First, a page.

Friday, May 29, 2009
Baby Boomers Flee Facebook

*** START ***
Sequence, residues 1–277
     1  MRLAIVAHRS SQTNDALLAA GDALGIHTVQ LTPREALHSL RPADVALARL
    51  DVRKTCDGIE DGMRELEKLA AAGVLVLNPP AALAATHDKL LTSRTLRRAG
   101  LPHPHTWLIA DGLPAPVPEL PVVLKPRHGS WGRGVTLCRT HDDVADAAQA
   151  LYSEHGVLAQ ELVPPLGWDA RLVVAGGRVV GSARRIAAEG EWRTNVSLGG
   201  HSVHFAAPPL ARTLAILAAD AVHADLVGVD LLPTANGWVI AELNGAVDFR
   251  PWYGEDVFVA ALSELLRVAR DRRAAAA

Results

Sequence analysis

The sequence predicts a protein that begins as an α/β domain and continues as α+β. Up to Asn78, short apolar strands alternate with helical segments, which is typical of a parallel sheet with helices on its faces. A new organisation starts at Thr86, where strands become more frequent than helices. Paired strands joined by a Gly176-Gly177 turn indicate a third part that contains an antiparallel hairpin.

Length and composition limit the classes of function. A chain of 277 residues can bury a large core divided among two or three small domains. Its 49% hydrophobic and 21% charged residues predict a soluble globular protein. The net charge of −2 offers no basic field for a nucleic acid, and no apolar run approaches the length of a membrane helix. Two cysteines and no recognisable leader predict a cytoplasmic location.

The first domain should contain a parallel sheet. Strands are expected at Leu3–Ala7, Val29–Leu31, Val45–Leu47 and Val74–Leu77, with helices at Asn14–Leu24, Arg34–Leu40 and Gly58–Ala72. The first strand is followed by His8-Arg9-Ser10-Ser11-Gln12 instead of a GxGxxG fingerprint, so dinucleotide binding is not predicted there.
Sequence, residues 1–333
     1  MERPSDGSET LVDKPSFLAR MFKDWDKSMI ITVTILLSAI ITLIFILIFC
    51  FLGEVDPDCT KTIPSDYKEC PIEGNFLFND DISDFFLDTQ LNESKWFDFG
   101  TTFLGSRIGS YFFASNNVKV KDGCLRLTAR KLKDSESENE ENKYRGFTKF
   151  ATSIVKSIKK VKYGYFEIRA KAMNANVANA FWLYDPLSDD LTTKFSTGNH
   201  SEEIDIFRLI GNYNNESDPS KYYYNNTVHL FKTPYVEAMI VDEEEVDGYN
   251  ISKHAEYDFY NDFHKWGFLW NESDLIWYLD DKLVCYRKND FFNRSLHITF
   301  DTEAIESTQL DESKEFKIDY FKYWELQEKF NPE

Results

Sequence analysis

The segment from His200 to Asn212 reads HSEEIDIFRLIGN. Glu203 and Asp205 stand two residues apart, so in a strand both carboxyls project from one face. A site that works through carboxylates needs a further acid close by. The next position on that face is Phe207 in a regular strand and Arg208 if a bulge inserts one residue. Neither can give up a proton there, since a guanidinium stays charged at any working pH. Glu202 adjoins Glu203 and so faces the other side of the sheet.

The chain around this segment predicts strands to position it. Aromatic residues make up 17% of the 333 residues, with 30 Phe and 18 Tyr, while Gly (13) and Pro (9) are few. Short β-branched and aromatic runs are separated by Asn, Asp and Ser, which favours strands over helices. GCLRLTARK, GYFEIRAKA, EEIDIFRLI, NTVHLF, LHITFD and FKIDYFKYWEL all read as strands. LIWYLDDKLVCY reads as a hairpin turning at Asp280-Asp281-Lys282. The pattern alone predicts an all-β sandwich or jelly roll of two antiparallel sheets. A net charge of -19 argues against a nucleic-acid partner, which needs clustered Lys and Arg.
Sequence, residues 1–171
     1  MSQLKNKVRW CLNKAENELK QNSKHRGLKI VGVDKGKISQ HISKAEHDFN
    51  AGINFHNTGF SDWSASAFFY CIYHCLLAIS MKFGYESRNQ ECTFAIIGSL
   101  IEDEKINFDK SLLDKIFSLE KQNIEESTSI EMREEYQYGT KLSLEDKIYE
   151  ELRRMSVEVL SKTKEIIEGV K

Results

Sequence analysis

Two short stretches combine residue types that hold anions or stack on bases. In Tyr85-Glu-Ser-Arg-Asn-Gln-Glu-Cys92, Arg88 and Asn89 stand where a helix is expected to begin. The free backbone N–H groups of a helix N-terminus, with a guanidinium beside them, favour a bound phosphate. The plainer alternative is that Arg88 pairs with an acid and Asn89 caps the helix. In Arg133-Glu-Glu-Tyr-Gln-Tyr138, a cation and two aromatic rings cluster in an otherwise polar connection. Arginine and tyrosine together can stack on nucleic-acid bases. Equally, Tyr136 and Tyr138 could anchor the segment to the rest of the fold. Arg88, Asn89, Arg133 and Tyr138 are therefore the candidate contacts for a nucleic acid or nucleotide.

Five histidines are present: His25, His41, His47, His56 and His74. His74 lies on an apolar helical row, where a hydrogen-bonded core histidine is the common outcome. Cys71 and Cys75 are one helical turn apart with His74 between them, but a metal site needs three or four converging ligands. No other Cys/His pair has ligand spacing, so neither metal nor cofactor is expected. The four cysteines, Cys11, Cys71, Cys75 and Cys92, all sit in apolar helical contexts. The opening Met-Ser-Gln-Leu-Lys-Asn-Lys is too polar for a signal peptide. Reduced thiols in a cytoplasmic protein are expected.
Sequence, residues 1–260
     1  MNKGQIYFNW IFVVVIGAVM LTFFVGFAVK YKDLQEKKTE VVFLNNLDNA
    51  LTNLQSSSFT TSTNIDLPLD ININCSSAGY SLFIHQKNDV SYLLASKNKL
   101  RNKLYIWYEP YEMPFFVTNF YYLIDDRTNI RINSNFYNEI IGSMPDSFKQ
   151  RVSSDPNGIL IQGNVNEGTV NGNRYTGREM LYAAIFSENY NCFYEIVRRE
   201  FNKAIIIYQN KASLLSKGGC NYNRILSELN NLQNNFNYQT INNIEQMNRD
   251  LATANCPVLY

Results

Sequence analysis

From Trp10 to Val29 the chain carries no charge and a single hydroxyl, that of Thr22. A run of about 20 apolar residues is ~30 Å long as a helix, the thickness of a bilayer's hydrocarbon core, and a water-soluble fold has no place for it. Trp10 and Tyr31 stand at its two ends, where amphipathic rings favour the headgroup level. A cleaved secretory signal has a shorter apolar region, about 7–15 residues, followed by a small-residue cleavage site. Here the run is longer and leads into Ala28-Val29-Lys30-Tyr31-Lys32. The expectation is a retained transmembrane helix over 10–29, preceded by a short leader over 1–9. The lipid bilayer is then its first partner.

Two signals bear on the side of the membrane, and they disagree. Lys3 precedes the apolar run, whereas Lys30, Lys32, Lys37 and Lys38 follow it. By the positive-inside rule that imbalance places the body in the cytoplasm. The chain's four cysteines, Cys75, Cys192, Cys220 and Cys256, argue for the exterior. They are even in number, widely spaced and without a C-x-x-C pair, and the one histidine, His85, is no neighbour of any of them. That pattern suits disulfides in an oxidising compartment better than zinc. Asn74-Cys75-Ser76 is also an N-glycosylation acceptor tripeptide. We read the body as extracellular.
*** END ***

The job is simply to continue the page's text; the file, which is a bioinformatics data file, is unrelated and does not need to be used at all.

The most popular social networking site, Facebook, recently passed the 200 million mark. However, over 650,000 baby boomers, those in the 55-to-65 year-old age group, have quit Facebook in the last couple of months, according to news reports coming out this week. While their parents are fleeing the site, though, 18-to-25-year-olds are more than making up for the unexplained flight of the older folks. In the same period, over 2 million of the 18-to-25-year-olds have signed up, and they're spending more time on Facebook. There is speculation that as young people, faced with the current economic downturn, find themselves out of school and unemployed, they are trying to find ways to waste time and distract themselves. Meanwhile, their parents are finding other, more productive ways to live their lives. One reason might be that the over-55 crowd hasn't figured out how to use all the nifty new updates that have recently been added to the site. Young people are more adaptable when it comes to maneuvering around difficult Internet applications. Also, in light of the economic crisis, baby boomers are laying off the extra-curricular Internet use during office hours, just hoping to keep their jobs. It seems that the news of massive layoffs has made the workforce more productive. And as older people put retirement on hold, it's the younger people who have time on their hands. The time-consuming social-networking site lures people in with chain-letter tactics such as the "25 things about me" letter that went around last month. And Facebook remains the gamer's destination of choice, with distractions such as "Texas HoldEm" and "Who Has the Biggest Brain." Games like "Mafia Wars," which started out on Internet sites such as MySpace, have gained massive popularity on Facebook, especially with younger users, who are jumping ship from MySpace to Facebook - and it's not just recent college grads with no job and time on their hands. MySpace has catered to teenagers, and adults never caught on. As teenagers grow up, they are turning to Facebook in record numbers. Their parents, though, are putting more energy into productive things like keeping their jobs, baby-sitting the grand kids, renting movies, visiting friends, and taking walks. And they're actually talking to people in person and using the land-line telephone (remember, they grew up without cell phones). Maybe they're on to something.